NVIDIA today launches its long-awaited Kepler architecture with the help of the GeForce GTX 680. For the past couple of weeks, we’ve been working towards posting a robust launch article on time, but due to various problems that have plagued us, we’re able to post just a small preview at this point in time. You can expect our full review with much more detail on Monday.
Without wasting time, let’s get to the good stuff. The GTX 680 is NVIDIA’s first based on a 28nm process, and also the first to utilize a PCI-E 3.0 bus (rather insignificant at this point in time). The card features 1,536 CUDA cores (3x over GTX 580), a 1,006MHz core clock and 2GB of 6Gbit/s GDDR5.
None of that is too interesting, however. What is, is the fact that the GTX 680 ships with a 195W TDP and dual 6-pin connectors. That’s right – no 8-pin needed here, a fact I am sure NVIDIA will love to flaunt. I’ll talk more about features in a moment, but before that, feel free to check out the card in all of its glory:
If there’s one thing we’re told every single time a new GPU architecture launches, it’s that the cooler has been redesigned and is the highest-performing and quietest to date. The cooler with the GTX 680 is no exception, and NVIDIA is confident that even at max load, it’ll be much quieter than the competition.
Since this is more of a preview than a review, I’m going to barrel-roll through some other niceties that NVIDIA brings with its Kepler architecture. I’ll be going into much more detail next week, but am able to answer questions you’re dying to throw at me before then.
With its Kepler architecture, NVIDIA “fixes” something that has bugged me for a while: the inability to run three monitors off of a single GPU. In fact, the company has gone one further by offering support for up to 4 monitors (a typical configuration might be 3×1 and then another monitor up top, center). Given just how powerful today’s GPUs are, it’s nice to have the option to stick to just one for multi-monitor gaming.
At a press conference held in San Francisco earlier this month, NVIDIA showed off all that’s being brought with Kepler, with one of the most touted features being TXAA – yet another new anti-aliasing option. With it, the company claims that it can achieve better AA results than MSAA with improved performance. There are two modes, TXAA1 and TXAA2, where the former matches or surpasses 8x MSAA quality but offers improved performance, and the latter results in even better quality than 8xMSAA at far less cost. The following image sums that up:
To put TXAA into perspective, NVIDIA brought Epic Games VP Mark Rein on the stage to give an example. After the GTX 580 launch, a video was released of the company’s “Samaritan” demo, arguably the most technologically impressive video to date. At that time, to get the quality the company wanted, 3x GTX 580s were required. But with the help of architecture improvements along with TXAA, the same demo can be run with only a single GTX 680, at the same quality. Ideally it’d be great to receive access to the demo to test this for ourselves, but for now we’ll just have to take NVIDIA’s and Epic’s word for it.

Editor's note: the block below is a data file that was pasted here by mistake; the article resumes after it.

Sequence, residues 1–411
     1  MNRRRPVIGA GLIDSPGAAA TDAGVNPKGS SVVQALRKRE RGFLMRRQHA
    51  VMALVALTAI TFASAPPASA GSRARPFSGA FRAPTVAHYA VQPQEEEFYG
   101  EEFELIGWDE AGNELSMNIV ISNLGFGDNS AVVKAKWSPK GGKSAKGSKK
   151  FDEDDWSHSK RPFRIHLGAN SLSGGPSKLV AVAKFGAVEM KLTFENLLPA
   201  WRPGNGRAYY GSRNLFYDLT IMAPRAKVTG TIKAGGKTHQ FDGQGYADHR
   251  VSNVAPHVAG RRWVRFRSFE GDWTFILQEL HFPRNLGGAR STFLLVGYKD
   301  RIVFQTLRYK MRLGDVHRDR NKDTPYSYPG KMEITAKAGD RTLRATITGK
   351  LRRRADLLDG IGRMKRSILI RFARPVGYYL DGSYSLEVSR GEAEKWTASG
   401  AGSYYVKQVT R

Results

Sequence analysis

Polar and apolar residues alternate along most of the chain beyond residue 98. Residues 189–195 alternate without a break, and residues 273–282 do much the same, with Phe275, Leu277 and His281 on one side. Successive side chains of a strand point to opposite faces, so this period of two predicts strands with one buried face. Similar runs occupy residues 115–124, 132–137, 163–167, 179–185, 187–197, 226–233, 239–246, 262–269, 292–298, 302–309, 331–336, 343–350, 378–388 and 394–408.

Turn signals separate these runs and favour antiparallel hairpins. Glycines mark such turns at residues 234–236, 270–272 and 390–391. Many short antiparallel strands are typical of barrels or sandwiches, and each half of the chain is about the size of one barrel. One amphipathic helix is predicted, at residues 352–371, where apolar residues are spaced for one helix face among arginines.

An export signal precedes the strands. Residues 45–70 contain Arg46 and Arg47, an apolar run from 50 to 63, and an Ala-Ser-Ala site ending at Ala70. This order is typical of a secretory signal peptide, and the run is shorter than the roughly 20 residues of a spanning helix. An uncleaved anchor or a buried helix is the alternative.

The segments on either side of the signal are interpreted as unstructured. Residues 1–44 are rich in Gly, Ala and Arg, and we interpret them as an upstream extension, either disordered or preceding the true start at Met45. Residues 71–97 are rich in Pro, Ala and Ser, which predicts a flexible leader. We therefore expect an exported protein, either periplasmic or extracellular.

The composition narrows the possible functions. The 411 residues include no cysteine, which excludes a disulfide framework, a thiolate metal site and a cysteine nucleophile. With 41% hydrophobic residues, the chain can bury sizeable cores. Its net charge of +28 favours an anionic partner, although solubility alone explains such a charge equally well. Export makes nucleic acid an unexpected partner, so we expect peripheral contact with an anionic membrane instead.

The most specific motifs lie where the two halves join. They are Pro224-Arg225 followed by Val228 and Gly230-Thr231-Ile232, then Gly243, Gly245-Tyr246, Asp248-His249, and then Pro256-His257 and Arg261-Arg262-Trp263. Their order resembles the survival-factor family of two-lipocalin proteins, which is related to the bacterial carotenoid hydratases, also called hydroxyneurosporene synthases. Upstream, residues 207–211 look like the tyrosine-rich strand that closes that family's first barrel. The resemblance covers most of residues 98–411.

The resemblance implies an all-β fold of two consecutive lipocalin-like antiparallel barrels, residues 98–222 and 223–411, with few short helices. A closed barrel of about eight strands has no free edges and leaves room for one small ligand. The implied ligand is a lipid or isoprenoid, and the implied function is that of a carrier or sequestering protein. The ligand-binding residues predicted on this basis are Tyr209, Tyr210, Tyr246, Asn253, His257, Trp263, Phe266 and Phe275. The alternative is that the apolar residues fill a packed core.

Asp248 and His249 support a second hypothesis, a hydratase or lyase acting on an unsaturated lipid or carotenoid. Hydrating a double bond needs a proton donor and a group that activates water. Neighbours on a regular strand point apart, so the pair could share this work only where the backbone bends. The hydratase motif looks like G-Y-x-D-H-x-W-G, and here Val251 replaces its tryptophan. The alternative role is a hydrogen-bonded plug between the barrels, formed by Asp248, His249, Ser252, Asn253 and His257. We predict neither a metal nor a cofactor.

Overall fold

In the previous generation, each “SM” module was comprised of 32 cores and the control logic, while with the GTX 680, SMX is born to pack 192 cores into each module, awarding a performance increase of 2x per watt. Eight of these modules can be found in the GTX 680, delivering a total of 1,536 cores.
The GTX 580’s TDP was 244W, so NVIDIA made some obvious strides to deliver a better-featured and faster card at just 195W. Thanks in part to this major power savings, NVIDIA is introducing “GPU Boost” with Kepler, a technology similar to Intel’s Turbo. Whenever the GPU can take advantage of extra GPU power, the core clock will be boosted to improve game performance. The opposite can also be true – if a game can’t take advantage of the stock performance, the card can underclock itself. Here’s a graph showcasing that:
When overclocking, GPU Boost still applies. Your maximum overclock will have to take this into consideration, so in order to find a true “max overclock”, a game or benchmarking tool that properly stresses a card should be used (such as 3DMark 11).
Whenever possible, taking advantage of VSync while gaming is recommended as it’ll reduce or rid stutter that can occur due to asynchronous FPS / Hz rates. However, when playing a beefier game, VSync might not always be able to hold a constant 60 or 120 FPS, resulting in the most noticeable stutter you’ll likely encounter. This is because the game immediately dips from a set FPS value to a lower one, normally 60 to 30 FPS (to keep in line with monitor refresh rates). To help solve this issue, NVIDIA has invented “Adaptive VSync”.
To explain this technology, I have to provide two graphs. The first is standard VSync being used, while the second is Adaptive VSync.
With Adaptive VSync enabled, the GeForce driver will try to detect as soon as possible when the average framerate has to dip below the monitor refresh rate and then disables VSync on-the-fly in order to reduce the stutter. So rather than a major drop from 60 FPS to 30 FPS, there will be a curve, as if you were not using VSync at all. Once performance returns to normal, VSync is then re-enabled.
That about wraps up the major features of Kepler. Recapping, we have improved FXAA performance, an added TXAA mode, GPU Boost, Adaptive VSync, improved tessellation performance, a redesigned SM module (dubbed SMX), a redesigned cooler aiming to be the quietest ever and perhaps best of all, single GPU multi-monitor.
As mentioned earlier, more will be discussed in next week’s full review. To help wrap up this quick preview, however, we’re posting a couple of performance results on the next page, pitting the GTX 680 against AMD’s current high-end champion, Radeon HD 7970.